A better understanding of the invention may be had by considering the following specification and claims, when taken in conjunction with the accompanying drawings.

BRIEF DESCRIPTION OF THE DRAWINGS FIG. 1 is a simplified schematic diagram of one embodiment of the invention; and

FIG. 2 is a more detailed schematic diagram of the invention which is shown in simplified form in FIG. 1.

DESCRIPTION OF THE PREFERRED EMBODIMENTS FIG. 1 is a simplified schematic diagram of a noise limiter comprising an input 10 which is usually supplied with gaussian random noise signals. The noise limiter circuit also includes an output 18 and a resistor 14 for coupling the input and output. An averaging means, comprising the circuitry connected between junction 13 and point 42 through amplifier 24, generates signals at 38 and 42 proportional to an average of the signals at the input 10. A pair of diodes 20 and 22 connected between resistor 14 and the points 38 and 42 of the averaging means, serves as a clipping means to limit the peak voltage output of the circuit. An oscilloscope 44 having inputs connected across the resistor 14, displays the voltage thereacross, which is appreciable only when one of the diodes 20 or 22 conducts to clip the signals.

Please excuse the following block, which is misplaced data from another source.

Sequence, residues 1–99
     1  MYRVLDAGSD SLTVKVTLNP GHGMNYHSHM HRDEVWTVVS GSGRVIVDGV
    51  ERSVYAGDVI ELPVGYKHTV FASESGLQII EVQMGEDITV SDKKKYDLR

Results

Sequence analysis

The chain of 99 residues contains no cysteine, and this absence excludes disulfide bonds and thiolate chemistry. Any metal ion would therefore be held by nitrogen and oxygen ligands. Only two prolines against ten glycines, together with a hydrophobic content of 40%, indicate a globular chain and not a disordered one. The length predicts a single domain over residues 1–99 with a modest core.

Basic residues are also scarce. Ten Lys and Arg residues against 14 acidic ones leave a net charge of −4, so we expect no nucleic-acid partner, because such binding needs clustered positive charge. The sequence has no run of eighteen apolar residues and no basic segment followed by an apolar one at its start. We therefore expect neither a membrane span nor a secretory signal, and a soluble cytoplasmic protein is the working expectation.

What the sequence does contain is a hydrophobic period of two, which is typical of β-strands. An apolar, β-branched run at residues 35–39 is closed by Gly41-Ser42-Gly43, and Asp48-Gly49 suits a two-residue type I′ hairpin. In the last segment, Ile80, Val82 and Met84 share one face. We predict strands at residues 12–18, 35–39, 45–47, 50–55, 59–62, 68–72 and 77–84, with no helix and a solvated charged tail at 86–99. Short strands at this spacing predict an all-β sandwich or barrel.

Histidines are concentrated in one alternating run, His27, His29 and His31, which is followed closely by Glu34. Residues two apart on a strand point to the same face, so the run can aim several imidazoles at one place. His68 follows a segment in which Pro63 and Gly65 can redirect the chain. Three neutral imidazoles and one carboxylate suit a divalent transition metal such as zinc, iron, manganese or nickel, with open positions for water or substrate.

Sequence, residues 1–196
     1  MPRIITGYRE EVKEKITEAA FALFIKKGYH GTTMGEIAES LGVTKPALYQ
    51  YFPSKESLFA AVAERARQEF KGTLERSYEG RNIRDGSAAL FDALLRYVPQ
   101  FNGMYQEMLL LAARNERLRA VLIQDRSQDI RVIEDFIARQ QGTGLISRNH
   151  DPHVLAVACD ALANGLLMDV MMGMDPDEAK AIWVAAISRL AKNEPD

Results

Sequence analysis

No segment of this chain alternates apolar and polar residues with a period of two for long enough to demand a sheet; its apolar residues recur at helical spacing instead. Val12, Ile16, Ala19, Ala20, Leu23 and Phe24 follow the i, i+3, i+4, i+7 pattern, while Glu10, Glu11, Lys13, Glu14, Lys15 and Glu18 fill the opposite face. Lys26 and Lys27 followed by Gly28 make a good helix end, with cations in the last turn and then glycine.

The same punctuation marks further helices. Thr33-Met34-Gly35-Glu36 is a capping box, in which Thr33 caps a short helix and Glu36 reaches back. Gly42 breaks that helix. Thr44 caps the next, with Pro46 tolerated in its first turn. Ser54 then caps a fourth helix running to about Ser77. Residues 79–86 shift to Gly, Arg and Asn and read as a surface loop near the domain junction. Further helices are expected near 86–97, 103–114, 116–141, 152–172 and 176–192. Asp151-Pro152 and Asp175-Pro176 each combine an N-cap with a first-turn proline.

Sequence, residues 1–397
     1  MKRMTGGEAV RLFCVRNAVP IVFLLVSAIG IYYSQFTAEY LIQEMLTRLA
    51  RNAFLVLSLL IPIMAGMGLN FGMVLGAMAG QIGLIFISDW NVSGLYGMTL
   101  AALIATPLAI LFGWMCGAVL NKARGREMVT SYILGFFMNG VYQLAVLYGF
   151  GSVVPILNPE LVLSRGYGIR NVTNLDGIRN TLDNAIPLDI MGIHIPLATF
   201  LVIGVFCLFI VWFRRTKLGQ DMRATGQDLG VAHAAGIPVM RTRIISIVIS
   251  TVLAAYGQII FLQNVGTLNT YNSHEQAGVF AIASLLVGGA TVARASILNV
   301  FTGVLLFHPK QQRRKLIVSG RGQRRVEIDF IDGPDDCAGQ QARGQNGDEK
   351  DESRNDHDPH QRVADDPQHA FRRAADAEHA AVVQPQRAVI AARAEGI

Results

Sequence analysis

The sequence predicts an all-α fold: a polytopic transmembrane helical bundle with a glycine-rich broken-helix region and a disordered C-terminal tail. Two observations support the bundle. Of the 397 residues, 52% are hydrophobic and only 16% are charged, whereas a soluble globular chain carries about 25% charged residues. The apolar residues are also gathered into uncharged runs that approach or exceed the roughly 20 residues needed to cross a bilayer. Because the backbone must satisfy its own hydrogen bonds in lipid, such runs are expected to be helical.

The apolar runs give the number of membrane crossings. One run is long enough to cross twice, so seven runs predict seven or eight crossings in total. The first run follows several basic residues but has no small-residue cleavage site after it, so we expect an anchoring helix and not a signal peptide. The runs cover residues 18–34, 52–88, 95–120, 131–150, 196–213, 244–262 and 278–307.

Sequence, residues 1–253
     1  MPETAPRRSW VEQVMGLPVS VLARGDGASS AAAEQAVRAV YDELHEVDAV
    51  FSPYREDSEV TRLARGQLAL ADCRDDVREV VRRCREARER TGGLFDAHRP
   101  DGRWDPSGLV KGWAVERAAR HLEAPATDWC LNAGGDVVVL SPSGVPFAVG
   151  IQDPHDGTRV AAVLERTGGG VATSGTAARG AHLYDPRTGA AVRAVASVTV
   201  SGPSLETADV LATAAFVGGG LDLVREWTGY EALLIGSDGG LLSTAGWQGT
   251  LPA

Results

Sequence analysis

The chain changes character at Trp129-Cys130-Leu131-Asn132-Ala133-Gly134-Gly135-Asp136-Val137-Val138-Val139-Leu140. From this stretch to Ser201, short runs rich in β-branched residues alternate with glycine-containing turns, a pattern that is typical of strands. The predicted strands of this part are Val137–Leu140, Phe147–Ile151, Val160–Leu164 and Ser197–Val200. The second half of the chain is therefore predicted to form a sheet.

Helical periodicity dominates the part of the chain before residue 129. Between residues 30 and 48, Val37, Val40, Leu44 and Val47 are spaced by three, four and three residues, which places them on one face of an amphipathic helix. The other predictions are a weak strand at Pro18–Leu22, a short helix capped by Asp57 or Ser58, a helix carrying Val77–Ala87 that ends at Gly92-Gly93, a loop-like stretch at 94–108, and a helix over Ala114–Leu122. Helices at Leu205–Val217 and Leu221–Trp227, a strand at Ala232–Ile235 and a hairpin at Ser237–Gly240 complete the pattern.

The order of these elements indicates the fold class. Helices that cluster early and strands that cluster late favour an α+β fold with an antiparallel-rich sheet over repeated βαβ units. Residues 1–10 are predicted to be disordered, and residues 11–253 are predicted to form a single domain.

Referring now to the details of FIG. 1, the circuit includes a first amplifier 12, which amplifies the input signals received at input 10. The amplifiedsignals pass through the resistor 14 to a second amplifier 16 which isolates its input from its output 18. The output 18 delivers signals identical in form to those received at the input 10, except that all peaks at the input 10 which are greater than a predetermined proportion of the average of the signal inputs are clipped.